Sasser Worm Prompts New Security Strategies

Computer virus attacks are up dramatically from 2,400 in 1995 to more than 80,000 in 2002. It seems that almost every week, there’s a new, threatening virus. Now the Sasser worm — which could in fact be a clone, at least in its effects, of last year’s MSBlaster and Slammer worms — is said to have affected more than one million systems worldwide so far.

Traditionally, protection has been available to consumers and corporations as downloadable software in the form of antivirus packages or software firewalls. But several companies are stepping up with alternative technologies to combat the malware threat.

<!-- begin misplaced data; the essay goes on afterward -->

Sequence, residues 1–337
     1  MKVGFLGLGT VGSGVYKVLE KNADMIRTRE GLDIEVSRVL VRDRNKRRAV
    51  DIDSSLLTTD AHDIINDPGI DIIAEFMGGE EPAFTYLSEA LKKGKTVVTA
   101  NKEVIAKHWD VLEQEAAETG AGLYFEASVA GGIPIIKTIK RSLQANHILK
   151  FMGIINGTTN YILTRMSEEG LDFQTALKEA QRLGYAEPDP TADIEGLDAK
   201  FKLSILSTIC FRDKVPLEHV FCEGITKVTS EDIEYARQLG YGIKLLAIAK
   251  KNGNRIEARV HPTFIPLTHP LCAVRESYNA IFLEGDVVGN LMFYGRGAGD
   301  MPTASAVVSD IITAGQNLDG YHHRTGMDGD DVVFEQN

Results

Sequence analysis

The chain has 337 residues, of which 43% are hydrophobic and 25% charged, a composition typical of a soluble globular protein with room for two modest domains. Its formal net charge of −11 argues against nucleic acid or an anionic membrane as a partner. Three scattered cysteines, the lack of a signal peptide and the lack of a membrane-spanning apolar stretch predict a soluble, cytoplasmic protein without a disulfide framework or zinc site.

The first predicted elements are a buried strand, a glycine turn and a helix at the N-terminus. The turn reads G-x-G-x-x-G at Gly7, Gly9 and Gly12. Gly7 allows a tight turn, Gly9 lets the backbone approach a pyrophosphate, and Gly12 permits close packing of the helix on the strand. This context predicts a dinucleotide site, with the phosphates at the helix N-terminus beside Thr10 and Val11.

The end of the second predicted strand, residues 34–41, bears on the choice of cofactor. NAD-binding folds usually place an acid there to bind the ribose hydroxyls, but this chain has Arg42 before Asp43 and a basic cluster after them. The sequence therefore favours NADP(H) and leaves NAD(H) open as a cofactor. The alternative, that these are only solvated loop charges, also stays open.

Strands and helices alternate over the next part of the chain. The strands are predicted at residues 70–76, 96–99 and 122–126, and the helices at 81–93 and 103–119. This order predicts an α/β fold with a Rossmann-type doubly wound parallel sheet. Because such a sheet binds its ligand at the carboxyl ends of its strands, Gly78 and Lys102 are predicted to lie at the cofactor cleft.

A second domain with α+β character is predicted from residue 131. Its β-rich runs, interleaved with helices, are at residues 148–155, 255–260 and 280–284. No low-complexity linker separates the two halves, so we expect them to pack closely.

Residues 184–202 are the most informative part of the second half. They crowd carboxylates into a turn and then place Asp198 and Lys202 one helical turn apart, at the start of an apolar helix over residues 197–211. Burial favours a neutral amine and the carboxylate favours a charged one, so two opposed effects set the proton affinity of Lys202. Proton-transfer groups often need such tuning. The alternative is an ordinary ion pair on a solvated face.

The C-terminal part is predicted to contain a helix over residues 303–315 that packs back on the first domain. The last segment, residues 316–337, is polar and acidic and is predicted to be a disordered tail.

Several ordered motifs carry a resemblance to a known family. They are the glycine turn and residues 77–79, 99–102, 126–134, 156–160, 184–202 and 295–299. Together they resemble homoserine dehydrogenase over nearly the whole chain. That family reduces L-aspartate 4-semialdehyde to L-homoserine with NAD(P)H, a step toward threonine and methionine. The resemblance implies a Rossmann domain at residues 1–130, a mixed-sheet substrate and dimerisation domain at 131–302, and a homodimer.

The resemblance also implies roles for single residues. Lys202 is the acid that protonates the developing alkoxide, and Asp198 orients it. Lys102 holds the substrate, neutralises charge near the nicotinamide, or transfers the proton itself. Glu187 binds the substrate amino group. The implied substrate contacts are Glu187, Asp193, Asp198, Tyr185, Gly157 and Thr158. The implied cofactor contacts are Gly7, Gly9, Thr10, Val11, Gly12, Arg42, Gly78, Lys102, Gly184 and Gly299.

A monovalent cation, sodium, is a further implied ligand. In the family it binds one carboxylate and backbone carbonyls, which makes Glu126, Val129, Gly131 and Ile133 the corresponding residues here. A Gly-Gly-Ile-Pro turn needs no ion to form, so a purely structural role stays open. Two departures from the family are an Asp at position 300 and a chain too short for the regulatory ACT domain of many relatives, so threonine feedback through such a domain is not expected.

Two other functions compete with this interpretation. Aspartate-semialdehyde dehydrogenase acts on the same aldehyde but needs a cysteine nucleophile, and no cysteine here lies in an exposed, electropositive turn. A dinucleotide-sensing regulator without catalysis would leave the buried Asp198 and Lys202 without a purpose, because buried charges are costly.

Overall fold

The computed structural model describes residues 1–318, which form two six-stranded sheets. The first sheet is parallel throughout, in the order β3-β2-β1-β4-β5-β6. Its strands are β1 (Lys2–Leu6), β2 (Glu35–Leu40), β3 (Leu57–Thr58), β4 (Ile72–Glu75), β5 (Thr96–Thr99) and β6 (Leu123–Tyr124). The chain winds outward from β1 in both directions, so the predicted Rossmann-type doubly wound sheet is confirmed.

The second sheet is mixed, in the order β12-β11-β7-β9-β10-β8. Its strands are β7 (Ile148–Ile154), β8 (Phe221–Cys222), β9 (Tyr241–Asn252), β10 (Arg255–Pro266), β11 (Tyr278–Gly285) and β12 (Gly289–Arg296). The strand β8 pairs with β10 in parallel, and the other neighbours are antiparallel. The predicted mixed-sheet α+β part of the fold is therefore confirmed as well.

For example, a new AMD processor on the market contains built-in protection against viruses like Sasser and MSBlaster. This hardware, when used in combination with the upcoming Windows XP Service Pack 2, is said by the company to be able to prevent these types of worms and viruses before they infect a PC.

Meantime, Secure Computing and SonicWALL have announced enterprise technologies designed specifically to combat treats such as the malicious Sasser worm and the predicted nastier Sasser variant that industry analysts and virus experts are predicting will break out over the upcoming weekend. PandaSoft, a security-services firm, is attempting to trace the virus writers through analysis of the Sasser code.

Enterprise Firewalls for Sasser Defense

Security experts have predicted the Sasser worm might soon merge with Netsky and create a far more destructive worm. In addition to antivirus software, a worm can be stopped at the perimeter of networks that are protected by hardware firewalls designed to monitor malicious activity.